Both in their late twenties, Songer and Ahlum spent time learning about the impacts of fast fashion on the environment — Songer on The Gap's Rotational Management Program, Ahlum at factories in Shanghai, China — prior to coming up with Thousand Fell. Built using materials such as yoga mats, old vegan leather, and even coconut husks, Thousand Fell's sneakers are completely recycled, free from toxic glues, and embedded with a unique microchip. When customers are ready to get rid of their sneakers, they can scan their shoes, download a shipping label, and return them to Thousand Fell for recycling free of charge.  

The shoes are currently available for purchase at Bloomingdale's, Madewell, and Zappos, as well as online. The start-up has also raised $4.7 million in funding. According to the shoemaker's website, their sneakers are “vegan, stain-proof, water resistant, and tested to last for 2.4 million steps.” Each pair has a price point of around $150, making them close to average, or even slightly less, than other premium sneaker brands, and also includes a $20 “recycling fee.”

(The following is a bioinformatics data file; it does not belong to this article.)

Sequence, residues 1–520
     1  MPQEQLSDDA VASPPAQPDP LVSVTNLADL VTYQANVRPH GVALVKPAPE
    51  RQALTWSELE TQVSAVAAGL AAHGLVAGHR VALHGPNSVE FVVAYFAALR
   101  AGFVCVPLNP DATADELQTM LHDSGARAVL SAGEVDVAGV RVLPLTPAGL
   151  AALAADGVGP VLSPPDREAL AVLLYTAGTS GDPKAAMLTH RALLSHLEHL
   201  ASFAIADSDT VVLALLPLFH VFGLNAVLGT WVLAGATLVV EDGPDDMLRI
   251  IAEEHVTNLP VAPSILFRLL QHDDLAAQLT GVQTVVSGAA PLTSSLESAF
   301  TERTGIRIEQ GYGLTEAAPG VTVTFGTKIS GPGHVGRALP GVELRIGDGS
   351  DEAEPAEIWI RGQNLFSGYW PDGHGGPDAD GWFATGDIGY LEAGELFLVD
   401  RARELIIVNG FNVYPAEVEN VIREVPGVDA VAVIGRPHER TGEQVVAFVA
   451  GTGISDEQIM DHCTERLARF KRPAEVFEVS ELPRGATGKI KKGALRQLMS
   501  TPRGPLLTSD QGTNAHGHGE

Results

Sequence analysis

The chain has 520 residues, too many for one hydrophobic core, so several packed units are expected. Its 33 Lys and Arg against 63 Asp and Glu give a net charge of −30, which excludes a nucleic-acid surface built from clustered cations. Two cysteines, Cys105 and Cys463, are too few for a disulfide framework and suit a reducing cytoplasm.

The pandemic spurred a mass reevaluation of drinking habits, one that founders Nick Bodkins and Barrie Arnold successfully tapped into with the 2021 establishment of Boisson — a non-alcoholic specialty shop in New York. 


  • Headquarters: Brooklyn, New York
  • Total funding: $12 million  
  • Employees: 1-25

Named in homage to the many French expatriates residing in the Cobble Hill neighborhood of their flagship store, Boisson quickly also opened up shops in Williamsburg, West Village, the Upper East Side, and the Upper West Side. In late 2022, Boisson went bicoastal, establishing stores in Studio City, Brentwood, and Beverly Hills in California. There are also plans afoot to open three new locations in San Francisco, Chicago, and Miami, the founders say.